U.S. and Pakistani forces have intensified the hunt for Al-Qaeda and Taliban fugitives in both Afghanistan and Pakistan. Several key suspects have been apprehended, but efforts have been hampered by the fact that Al-Qaeda and the Taliban have numerous sympathizers on both sides of the Afghanistan-Pakistan border, especially in Pakistan's Northwest Frontier Province.
Prague, 12 March 2003 (RFE/RL) -- Pakistani intelligence officials say that since the end of 2001, they have arrested nearly 500 Al-Qaeda and Taliban fugitives fleeing Afghanistan.
The recent arrest of Khalid Shaykh Muhammad, one of Al-Qaeda's most influential figures, is considered a particular success and one that may bring officials closer to their most desired target: Al-Qaeda leader Osama bin Laden.
But challenges remain. Pakistan's semiautonomous Northwest Frontier Province has proved to be a sanctuary for many fugitives. Pashtun tribes living in the province sympathize with Taliban members and are not eager to cooperate with authorities.
Rahimullah Yusufzai is executive editor of "The News International," an English-language daily based in Peshawar, the capital of the Northwest Frontier Province.
Yusufzai said progress has been made in the hunt for Taliban and Al-Qaeda fugitives in Pakistan. "Now, after the capture of one of the Al-Qaeda suspects -- Khalid Shaykh Muhammad on March 1, in the Pakistani city of Rawalpindi -- the hunt has intensified. And according to American and Pakistani military officials, they have obtained some new information from Khalid Shaykh and from one of his colleagues, Mustafa Ahmad al-Hawsawi, who was captured along with him. And based on that information they have intensified the hunt," Yusufzai said.
Zeb Rizwan, an analyst at the state-funded Institute for Regional Studies in Islamabad, agrees. "[Government forces] have been working very smoothly, and the government has been very supportive, very active. I think it is successful," Rizwan said.
But despite a certain measure of success in both Afghanistan and Pakistan, officials' inability to capture bin Laden has proved a key failure. "They are trying to use different tactics. Not only they have got hundreds of informers in the two countries [Pakistan and Afghanistan], but they are also using technology, satellites, and, you know, [tapping] telephones. So, they employ every method to try to capture Mr. bin Laden, but until now, they haven't been able to capture either him or other top Al-Qaeda and Taliban leaders," Yusufzai said.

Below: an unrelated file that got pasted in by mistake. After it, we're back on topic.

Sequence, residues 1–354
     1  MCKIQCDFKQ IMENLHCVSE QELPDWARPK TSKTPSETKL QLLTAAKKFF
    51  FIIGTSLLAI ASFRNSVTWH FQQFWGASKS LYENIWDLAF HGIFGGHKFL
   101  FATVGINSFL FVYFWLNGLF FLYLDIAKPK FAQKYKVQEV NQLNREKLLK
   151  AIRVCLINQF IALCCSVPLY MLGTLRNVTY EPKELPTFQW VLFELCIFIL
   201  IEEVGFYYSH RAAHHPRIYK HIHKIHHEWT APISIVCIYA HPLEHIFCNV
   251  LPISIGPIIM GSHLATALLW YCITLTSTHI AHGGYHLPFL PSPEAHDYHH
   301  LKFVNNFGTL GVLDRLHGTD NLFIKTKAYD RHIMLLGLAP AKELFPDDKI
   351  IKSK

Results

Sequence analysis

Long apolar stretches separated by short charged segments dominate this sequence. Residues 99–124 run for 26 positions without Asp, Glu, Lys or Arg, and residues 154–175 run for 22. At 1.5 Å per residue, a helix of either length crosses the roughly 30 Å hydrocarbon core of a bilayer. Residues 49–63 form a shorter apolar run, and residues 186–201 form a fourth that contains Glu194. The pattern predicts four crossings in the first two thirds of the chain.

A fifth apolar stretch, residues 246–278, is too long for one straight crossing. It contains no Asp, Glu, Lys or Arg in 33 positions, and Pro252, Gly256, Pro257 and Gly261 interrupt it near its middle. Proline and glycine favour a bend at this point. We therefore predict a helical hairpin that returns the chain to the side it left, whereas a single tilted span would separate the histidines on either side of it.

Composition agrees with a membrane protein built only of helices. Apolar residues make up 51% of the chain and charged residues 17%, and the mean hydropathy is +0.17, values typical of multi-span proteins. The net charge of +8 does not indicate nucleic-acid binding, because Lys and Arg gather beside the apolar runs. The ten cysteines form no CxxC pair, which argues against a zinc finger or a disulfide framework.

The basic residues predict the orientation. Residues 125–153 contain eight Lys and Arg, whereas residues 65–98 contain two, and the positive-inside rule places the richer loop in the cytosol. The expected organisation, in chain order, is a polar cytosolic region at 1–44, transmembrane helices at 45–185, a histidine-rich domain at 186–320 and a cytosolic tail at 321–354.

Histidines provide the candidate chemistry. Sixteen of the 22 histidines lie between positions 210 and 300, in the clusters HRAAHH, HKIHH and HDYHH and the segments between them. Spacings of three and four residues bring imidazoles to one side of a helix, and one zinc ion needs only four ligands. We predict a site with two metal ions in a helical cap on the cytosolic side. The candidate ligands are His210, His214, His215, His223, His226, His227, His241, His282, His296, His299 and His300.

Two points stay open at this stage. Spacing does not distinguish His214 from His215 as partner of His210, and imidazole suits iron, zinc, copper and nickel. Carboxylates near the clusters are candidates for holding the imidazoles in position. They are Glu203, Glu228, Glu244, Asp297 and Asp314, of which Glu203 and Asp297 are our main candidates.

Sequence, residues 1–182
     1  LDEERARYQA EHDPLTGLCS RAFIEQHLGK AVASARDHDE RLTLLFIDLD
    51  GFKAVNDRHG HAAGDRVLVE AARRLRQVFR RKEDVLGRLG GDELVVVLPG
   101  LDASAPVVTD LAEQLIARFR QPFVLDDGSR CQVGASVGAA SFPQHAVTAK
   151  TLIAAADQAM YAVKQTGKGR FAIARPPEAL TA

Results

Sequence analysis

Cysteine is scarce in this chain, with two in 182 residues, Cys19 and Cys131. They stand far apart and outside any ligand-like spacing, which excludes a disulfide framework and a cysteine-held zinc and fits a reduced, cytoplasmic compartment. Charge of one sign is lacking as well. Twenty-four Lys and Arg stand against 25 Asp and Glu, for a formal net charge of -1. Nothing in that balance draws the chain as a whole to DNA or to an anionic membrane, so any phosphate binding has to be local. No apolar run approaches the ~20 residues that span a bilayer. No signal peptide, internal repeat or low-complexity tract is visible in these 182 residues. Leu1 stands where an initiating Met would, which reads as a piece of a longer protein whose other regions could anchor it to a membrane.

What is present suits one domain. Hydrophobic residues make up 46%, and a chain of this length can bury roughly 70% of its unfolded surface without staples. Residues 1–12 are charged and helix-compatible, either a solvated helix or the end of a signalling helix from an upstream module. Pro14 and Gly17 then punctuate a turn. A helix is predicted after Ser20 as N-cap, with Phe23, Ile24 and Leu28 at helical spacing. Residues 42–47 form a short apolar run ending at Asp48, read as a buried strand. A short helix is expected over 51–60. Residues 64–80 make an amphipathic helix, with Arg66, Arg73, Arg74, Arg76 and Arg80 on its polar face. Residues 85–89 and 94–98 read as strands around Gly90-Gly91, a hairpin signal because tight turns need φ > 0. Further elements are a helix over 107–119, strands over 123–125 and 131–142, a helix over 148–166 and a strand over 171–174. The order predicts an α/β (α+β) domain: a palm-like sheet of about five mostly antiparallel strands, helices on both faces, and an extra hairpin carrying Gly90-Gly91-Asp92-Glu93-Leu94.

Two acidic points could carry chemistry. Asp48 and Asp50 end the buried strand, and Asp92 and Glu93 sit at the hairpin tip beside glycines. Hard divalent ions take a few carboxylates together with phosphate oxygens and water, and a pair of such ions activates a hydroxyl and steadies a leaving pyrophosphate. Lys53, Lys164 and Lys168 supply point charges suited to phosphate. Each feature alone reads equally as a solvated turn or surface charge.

Pakistan today denied reports that bin Laden had been arrested. Reuters quoted Pakistani Interior Minister Faisal Saleh Hayat as saying the report -- made by an official from a small Pakistani political party -- was "unfounded and absolutely baseless." Officials in Washington likewise said they had no information to back up the report.
Yusufzai said the Northwest Frontier Province poses special problems for those involved in the hunt. The rough terrain and porous state border make the province a good base for militants who may be planning a guerrilla war in Afghanistan. He said there is no doubt that many Al-Qaeda and Taliban fugitives are hiding here.
The population of the province is about 5.2 million and mainly Pashtun, the same ethnic group that made up the core Taliban membership. "Often, the same tribe is living in Pakistan and in Afghanistan on both sides of the border. They share tribal affinity, they speak the same language, they are all Muslims, they have the same history and the same customs, and the border is very long. It is about 2,500 kilometers long between Pakistan and Afghanistan, and it is largely mountainous, very porous. It can be easily crossed, and that's why there's a lot of illegal traffic on this border, both of men and smuggled goods," Yusufzai said.
The province consists of seven administrative units and is semiautonomous. The people living there have their own tribal customs and traditions. Councils of elders (jirgas) make decisions with little input from the central government. Only a handful of elders in the province have offered to cooperate in the hunt for the fugitives.
Rizwan said there is a widespread belief in the province that the Taliban had nothing to do with the 11 September 2001 attacks on the United States and that the militia is an innocent victim of U.S. allegations. "No proof has been provided to anybody about [the Taliban's] involvement, and what they cannot understand is how can these people be considered the main culprits when most, rather, all, of the hijackers were people of Middle Eastern origin," Rizwan said.
Yusufzai said some people have agreed to cooperate with Pakistani or U.S. intelligence agents in exchange for financial compensation. "I think dollars did help in catching some people, for example Khalid Shaykh Muhammad. And there are reports that, you know, he was captured because one of his Egyptian friends informed the Americans and pocketed a $25 million reward. In the past, also, the Americans were able to capture Ramzi Yusuf in Pakistan. And again, there was a big reward [offered] for him, and one of his friends, actually, had informed the Americans and had taken the reward," Yusufzai said.
Yusufzai said the reward for bin Laden has climbed from $5 million, in the first several weeks following the 11 September attacks, to some $25 million for information leading to his arrest. An additional $25 million has been offered for information leading directly to the apprehension of Ayman al-Zawahiri, Al-Qaeda's No. 2 official.
But Yusufzai said most Pakistanis remain staunchly opposed to U.S. policy in the region and have no desire to see bin Laden or other Al-Qaeda and Taliban leaders captured.